Today, we have Charlie X.
Since Eric got his review done first, I figure it should go first in this post:
Original air date: 9-15-66
As I begin writing this, a cat is perched on my shoulder and Steely Dan is playing on iTunes. All in all, good conditions for reviewing our next Star Trek episode, “Charlie X". This was the eighth episode produced and the second episode aired. Like “The Man Trap", it’s not one of my favorites, but it is definitely a good episode. The basic plot of the story is reminiscent of the original Twilight Zone episode “It’s a Good Life"; a kid has lots of nifty super powers but little self-control or discipline (as tends to be the case with kids) and thus causes big problems for the grown-ups around him. And the subject of “Charlie X", one 17 year-old Charles Evans, does indeed cause problems for Kirk and company, including the destruction of a survey ship and its crew. But it’s hard to view Charlie as villain, largely due to the sensitive and sympathetic portrayal of Charlie by Robert Walker Jr. He’s just a confused kid. For the last 14 years, the only company he’s had has been the incorporeal aliens who gave him his powers. Naturally, he doesn’t know how to relate to other humans, especially women, and he has no clue about functioning in human society. This affords an excellent opportunity to examine the experience of growing up and navigating the trials and travails of life as a human being.
Kirk and the crew do their best to help Charlie learn what he needs to know, particularly Kirk and Yeoman Janice Rand, and this results in some excellent scenes. One of the best is when Charlie gives
Janice a playful swat on the rear end. She, of course, is not appreciative, which makes for a very amusing scene. But what I enjoyed even more than this interchange is Kirk’s awkward attempt to
explain to Charlie why swatting women on the butt is a no-no.
Shortly after this is another memorable scene that takes place in the rec room. This is one of the few times in the series where Uhura sings. And despite the mildly overwrought nature of her performance, it is a good scene, particularly due to her interaction with Spock. She even gets him to smile. This is something of a dramatic reversal from the harangue she gives him in “The Man Trap", which makes me wonder if the producers weren’t laying the foundation for a romance between these two. I haven’t read or heard anything to indicate that this was ever planned, and I doubt that it would’ve been approved by the network, so I’m guessing it was just a way to show the camaraderie amongst the crew. (On a personal note, I have heard Nichelle Nichols, the actress who portrayed Uhura, sing live. She really has a great voice, and she used to sing with Duke Ellington’s band!) Okay, back to the review.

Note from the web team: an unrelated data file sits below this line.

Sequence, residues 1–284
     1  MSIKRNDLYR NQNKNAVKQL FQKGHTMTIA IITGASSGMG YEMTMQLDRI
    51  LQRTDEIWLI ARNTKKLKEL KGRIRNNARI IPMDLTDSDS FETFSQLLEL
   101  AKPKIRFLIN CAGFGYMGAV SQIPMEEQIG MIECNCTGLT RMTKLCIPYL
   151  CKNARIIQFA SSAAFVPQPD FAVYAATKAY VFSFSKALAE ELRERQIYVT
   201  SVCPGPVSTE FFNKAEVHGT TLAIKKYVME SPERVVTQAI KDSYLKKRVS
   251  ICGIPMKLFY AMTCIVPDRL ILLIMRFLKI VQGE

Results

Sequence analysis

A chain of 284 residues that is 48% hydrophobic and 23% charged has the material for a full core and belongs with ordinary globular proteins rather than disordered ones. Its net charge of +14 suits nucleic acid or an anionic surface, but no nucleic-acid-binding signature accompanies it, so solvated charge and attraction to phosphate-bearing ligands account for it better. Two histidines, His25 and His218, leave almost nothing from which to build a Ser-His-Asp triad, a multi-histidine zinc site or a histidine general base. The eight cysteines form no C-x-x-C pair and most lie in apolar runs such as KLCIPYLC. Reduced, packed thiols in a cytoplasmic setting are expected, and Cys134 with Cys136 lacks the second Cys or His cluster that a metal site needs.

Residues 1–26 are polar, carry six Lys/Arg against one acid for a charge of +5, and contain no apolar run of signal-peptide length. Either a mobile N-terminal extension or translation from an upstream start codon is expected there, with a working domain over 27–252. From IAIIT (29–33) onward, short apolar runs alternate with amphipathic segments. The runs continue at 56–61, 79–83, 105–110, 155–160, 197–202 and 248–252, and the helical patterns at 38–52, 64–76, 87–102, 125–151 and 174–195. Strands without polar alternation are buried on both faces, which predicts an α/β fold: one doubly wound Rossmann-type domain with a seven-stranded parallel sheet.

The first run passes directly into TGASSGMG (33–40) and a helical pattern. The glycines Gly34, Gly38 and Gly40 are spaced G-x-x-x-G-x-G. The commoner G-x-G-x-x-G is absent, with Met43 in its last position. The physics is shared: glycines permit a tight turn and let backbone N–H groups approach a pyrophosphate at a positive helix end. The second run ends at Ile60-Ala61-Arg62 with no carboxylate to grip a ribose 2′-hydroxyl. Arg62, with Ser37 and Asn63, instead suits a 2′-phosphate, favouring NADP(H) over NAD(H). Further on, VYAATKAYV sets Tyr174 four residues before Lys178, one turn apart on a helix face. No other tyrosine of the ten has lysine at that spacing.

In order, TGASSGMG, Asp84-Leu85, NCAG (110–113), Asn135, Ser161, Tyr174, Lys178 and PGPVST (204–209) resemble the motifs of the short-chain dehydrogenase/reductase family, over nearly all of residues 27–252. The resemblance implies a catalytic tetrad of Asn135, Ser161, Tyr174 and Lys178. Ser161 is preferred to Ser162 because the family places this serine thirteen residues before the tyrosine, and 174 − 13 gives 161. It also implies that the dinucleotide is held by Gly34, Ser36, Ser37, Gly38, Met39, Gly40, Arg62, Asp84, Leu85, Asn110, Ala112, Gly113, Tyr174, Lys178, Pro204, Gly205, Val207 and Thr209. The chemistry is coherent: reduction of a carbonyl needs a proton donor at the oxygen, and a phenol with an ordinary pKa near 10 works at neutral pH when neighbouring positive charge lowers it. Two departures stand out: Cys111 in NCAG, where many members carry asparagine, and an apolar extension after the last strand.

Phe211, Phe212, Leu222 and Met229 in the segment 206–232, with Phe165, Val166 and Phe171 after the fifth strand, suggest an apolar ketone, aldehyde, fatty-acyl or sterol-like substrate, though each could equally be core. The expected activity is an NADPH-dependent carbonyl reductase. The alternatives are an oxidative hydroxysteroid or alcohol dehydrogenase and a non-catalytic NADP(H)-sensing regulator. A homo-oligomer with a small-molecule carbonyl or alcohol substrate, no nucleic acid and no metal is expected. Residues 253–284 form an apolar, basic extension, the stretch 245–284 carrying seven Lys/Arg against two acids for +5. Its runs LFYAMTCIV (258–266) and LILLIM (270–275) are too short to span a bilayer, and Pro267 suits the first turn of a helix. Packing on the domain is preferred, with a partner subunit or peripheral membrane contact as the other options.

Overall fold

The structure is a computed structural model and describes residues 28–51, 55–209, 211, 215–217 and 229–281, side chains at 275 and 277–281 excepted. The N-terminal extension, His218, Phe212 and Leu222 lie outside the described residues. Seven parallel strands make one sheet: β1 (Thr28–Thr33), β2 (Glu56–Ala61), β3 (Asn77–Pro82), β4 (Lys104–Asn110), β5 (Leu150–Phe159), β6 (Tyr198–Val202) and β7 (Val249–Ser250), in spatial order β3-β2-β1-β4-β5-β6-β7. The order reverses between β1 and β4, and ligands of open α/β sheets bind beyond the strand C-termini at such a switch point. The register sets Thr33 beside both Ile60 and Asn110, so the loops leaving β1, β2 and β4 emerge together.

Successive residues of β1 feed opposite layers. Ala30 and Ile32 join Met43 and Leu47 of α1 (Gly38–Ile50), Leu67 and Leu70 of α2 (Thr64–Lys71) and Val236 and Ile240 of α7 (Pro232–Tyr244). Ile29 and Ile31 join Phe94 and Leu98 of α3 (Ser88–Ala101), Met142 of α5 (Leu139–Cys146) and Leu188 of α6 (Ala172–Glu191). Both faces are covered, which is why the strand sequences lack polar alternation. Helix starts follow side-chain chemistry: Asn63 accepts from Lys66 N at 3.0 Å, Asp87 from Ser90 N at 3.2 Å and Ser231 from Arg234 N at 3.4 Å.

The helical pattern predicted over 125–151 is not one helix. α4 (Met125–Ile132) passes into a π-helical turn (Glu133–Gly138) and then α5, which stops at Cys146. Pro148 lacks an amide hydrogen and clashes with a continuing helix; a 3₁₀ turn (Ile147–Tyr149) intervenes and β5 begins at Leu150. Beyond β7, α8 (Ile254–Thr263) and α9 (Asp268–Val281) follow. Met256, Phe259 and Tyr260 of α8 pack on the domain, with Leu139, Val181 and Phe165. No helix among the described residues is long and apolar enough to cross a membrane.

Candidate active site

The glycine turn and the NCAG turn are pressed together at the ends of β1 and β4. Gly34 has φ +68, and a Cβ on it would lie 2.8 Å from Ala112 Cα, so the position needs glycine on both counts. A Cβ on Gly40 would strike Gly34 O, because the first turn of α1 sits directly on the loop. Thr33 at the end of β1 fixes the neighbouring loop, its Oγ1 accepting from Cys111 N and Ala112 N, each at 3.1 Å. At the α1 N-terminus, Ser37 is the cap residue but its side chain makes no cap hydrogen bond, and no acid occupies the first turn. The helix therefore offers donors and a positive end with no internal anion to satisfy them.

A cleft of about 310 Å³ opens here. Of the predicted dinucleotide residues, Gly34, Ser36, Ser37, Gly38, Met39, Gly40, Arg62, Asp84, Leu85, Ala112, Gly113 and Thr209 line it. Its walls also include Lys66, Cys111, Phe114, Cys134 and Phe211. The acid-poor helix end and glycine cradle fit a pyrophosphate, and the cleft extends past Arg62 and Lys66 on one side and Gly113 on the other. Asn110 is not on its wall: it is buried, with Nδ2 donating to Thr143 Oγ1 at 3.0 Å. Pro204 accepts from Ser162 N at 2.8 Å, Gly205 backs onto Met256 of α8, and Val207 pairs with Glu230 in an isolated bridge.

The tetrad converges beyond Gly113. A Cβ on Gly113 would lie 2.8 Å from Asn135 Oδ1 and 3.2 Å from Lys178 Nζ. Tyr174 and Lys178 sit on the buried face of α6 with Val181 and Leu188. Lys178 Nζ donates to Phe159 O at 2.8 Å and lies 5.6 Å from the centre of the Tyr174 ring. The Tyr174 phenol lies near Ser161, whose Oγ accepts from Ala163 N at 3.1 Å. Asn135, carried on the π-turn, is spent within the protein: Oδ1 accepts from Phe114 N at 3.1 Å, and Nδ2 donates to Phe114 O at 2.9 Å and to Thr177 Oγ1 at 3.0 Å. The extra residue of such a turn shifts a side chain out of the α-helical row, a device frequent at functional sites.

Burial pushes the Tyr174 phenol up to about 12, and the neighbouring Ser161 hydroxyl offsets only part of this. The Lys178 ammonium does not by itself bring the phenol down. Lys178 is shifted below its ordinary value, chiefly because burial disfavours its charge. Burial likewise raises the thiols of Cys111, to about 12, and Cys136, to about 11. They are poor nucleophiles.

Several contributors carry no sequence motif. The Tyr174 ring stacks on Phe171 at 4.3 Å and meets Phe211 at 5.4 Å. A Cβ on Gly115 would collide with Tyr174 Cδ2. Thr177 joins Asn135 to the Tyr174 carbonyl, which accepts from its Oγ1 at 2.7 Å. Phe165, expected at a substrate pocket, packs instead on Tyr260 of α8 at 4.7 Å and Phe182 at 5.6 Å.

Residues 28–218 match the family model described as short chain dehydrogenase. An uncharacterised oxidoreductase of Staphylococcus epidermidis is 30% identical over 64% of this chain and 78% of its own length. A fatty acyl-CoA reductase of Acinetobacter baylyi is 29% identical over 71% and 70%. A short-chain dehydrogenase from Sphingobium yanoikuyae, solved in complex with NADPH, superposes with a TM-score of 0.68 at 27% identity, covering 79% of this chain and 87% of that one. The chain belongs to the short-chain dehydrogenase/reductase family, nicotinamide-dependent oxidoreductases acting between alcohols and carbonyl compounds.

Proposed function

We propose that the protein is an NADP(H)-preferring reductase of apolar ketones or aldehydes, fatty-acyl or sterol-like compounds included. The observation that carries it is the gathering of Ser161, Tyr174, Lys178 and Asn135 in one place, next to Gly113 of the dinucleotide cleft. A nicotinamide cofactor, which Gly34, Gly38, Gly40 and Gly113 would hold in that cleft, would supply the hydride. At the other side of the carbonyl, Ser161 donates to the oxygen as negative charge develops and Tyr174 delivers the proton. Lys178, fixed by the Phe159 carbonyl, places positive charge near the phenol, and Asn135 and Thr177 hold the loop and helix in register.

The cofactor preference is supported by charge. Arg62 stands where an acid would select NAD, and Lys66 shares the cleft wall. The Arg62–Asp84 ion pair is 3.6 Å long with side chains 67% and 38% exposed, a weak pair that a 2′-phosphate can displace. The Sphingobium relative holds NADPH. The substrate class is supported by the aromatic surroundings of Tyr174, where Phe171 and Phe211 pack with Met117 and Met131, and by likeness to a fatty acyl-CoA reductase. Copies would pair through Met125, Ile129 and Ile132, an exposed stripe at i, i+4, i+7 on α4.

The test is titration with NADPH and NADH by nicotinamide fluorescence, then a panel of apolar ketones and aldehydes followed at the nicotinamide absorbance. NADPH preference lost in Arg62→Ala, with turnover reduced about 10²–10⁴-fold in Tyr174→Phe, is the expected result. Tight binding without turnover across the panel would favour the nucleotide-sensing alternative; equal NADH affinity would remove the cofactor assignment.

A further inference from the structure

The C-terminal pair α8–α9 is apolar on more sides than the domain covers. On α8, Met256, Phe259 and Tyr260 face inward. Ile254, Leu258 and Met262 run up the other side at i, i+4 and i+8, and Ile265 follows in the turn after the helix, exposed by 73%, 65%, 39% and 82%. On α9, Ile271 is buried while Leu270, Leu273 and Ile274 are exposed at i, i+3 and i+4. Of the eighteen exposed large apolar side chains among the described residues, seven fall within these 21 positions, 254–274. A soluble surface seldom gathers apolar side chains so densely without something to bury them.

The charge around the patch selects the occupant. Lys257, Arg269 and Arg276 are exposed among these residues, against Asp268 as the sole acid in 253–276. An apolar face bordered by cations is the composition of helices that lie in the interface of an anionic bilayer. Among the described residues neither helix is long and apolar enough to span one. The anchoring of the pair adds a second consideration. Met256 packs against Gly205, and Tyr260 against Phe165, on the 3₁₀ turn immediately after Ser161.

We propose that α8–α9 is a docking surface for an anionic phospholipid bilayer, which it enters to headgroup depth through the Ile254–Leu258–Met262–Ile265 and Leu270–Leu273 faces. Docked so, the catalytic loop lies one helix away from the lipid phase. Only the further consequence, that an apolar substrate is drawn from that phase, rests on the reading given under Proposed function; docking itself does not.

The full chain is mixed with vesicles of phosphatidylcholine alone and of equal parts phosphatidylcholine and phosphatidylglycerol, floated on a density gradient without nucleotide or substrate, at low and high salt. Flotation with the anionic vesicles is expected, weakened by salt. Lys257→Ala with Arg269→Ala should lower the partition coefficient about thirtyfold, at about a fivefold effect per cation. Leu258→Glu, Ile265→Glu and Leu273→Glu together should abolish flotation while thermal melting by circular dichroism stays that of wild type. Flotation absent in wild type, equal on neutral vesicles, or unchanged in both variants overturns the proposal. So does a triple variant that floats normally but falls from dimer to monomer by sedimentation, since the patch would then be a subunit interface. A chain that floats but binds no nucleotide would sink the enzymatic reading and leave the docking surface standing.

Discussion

Throughout the episode there is a minor theme of McCoy trying to pawn off the “father figure" job on Kirk. It was well-done, and amusing, but I don’t understand why both of them were so adamant about not wanting to fill this role. Maybe they both thought they wouldn’t be able to do a good job, but when it gets thrust on him, Kirk does very well: “Charlie, there are a million things in this universe you can have, and there are a million things you can’t have! It’s no fun facing that, but that’s the way it is". This whole scene, where Kirk gives Charlie the condensed version of Life 101, is oddly touching, perhaps because Kirk is sympathetic to Charlie’s anguish and admits he’s just as subject to the realities of life as everyone else.